Recently I was short of frit 3195 for waterfall brown but saw that 3134 + some aluminia would give me a roughly the same results but it came out a bit  different and better for me. This has allowed me several variations that I also like. and I'm seeing iron blues that were not present before.
It has taken more than a few years to understand that recipes are not fired in stone.
Float blue has a nasty habit of pitting on my clay body, so instead of 2 iron.4 rutile,1 cobalt carb; 2,2,2, where the rutile is replaced by titanium and this works better for me. As for others it may be a great or not.
G200 has changed and is going to change again, so be aware and change by testing.
It's snowing here in central NC and I love it.
Later Wyndham
.



#13 jrgpots

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Posted 12 February 2014 - 01:04 AM

Wyndham, I'm confused....lol. I would have just used 3124. I thought 3134 + alumina = 3124. Instead you make a different choice and get a better glaze. How cool is that?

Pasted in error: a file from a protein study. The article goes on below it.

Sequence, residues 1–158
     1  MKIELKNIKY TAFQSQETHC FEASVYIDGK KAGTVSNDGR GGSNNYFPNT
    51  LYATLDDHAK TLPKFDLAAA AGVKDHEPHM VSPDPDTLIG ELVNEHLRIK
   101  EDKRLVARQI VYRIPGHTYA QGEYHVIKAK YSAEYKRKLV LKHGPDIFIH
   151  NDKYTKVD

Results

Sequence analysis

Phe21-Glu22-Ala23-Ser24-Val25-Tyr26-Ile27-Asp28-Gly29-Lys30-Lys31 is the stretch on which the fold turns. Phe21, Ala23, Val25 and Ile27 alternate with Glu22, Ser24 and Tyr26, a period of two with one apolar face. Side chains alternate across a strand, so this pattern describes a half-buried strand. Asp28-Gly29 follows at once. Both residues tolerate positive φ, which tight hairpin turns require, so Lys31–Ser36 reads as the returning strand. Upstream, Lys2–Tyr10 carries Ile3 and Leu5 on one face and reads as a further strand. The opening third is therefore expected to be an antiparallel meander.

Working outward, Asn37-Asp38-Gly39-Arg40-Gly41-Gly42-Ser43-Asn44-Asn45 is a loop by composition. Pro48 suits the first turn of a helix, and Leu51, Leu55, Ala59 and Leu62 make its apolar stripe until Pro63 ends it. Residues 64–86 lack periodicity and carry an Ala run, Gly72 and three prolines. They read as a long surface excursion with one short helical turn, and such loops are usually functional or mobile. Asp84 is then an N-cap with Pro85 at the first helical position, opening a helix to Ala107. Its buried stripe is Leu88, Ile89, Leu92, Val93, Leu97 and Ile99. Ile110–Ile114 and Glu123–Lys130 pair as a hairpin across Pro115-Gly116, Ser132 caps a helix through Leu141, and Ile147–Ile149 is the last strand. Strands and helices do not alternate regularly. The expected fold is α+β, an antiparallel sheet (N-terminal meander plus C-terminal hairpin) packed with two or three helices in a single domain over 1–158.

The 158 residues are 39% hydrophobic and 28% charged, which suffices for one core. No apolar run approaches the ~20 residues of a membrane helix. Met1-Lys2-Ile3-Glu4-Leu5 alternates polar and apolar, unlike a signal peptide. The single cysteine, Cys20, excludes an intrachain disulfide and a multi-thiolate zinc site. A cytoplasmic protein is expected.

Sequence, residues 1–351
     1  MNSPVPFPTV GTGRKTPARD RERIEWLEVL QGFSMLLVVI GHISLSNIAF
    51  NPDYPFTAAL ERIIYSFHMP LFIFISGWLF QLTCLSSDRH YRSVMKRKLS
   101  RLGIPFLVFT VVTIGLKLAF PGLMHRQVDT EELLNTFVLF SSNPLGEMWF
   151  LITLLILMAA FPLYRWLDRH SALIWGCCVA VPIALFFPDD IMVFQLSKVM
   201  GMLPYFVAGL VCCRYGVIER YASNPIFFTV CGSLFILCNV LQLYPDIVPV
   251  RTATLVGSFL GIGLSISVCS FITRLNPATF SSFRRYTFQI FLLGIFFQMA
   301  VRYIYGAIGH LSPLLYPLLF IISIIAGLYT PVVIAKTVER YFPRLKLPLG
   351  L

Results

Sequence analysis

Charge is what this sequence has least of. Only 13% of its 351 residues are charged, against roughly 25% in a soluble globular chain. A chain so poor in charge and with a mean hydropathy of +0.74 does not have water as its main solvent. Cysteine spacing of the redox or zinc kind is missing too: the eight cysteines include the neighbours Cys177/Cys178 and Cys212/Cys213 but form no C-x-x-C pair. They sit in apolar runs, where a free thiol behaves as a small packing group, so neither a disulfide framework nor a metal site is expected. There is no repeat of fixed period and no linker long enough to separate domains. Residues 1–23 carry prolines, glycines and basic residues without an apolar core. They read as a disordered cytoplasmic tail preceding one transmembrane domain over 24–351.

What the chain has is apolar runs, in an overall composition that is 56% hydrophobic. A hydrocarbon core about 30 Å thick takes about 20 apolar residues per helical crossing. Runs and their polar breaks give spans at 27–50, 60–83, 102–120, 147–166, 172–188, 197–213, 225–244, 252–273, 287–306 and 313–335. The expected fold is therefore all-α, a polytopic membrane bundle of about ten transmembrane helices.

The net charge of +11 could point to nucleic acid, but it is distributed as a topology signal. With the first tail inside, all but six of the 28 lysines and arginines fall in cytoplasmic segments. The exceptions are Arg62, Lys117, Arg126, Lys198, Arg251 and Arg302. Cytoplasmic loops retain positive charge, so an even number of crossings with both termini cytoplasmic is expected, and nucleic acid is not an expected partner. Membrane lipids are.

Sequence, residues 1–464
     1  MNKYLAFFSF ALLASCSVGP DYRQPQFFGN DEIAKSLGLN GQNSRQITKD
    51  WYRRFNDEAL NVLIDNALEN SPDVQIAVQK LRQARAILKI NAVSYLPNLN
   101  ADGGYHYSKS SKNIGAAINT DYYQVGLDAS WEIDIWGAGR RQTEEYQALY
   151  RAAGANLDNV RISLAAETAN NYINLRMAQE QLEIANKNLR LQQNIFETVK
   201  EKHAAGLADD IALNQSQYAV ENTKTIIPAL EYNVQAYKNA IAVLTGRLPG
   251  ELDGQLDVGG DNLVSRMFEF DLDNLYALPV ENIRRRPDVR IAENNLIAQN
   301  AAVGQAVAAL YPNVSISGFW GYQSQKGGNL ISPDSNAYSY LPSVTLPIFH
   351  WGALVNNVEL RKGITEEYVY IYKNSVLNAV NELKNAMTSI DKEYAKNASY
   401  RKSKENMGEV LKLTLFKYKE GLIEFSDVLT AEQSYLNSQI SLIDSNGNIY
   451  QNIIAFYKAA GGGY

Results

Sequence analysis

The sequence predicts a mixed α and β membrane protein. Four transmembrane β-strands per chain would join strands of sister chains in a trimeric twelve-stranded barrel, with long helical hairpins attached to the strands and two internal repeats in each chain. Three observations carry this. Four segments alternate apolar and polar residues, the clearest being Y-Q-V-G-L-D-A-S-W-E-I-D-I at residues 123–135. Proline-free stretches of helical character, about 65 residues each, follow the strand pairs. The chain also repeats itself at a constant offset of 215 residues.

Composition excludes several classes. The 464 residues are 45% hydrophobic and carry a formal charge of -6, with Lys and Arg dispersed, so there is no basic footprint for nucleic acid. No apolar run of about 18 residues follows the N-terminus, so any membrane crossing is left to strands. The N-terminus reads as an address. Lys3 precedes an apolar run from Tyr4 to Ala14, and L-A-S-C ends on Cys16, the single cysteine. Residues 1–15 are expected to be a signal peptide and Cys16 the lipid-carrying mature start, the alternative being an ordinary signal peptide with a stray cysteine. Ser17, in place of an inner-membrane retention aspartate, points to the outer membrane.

You inspire me.

Jed

#14 Wyndham

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Posted 12 February 2014 - 12:44 PM

but if you don't have 3124 handy and 3134 is one of my go to ingredients.

I'm never trying to reproduce a certain glaze. I might like what I see in one part or an overlap that intrigues me

Wyndham



#15 clay lover

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Posted 12 February 2014 - 04:45 PM

Bad form, Norm.

Cheap shot at a generous, respected professional.  When you have done all the things she has done, then you can critique her, but not in such a snarky way.



#16 jrgpots

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Posted 12 February 2014 - 05:06 PM

but if you don't have 3124 handy and 3134 is one of my go to ingredients.

I'm never trying to reproduce a certain glaze. I might like what I see in one part or an overlap that intrigues me

Wyndham

Good point..........funny, I have 3124 but not 3134.  I never know what frits I "should" have on stock.  There are so many..